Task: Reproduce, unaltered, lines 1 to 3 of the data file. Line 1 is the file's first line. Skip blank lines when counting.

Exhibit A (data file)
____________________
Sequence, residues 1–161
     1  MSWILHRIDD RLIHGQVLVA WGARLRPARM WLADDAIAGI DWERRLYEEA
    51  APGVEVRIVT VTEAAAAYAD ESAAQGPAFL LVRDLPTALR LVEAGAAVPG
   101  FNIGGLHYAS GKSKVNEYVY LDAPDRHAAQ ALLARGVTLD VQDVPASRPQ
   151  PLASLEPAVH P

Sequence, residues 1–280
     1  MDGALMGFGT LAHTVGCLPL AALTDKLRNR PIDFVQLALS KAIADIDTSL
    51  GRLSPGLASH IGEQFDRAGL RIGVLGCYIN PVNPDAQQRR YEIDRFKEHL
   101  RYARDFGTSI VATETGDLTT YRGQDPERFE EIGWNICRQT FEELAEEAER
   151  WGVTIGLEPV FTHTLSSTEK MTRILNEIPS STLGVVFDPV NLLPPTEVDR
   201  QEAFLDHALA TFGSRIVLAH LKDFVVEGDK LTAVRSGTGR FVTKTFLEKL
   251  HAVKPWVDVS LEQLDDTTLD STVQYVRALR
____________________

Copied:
Sequence, residues 1–161
     1  MSWILHRIDD RLIHGQVLVA WGARLRPARM WLADDAIAGI DWERRLYEEA
    51  APGVEVRIVT VTEAAAAYAD ESAAQGPAFL LVRDLPTALR LVEAGAAVPG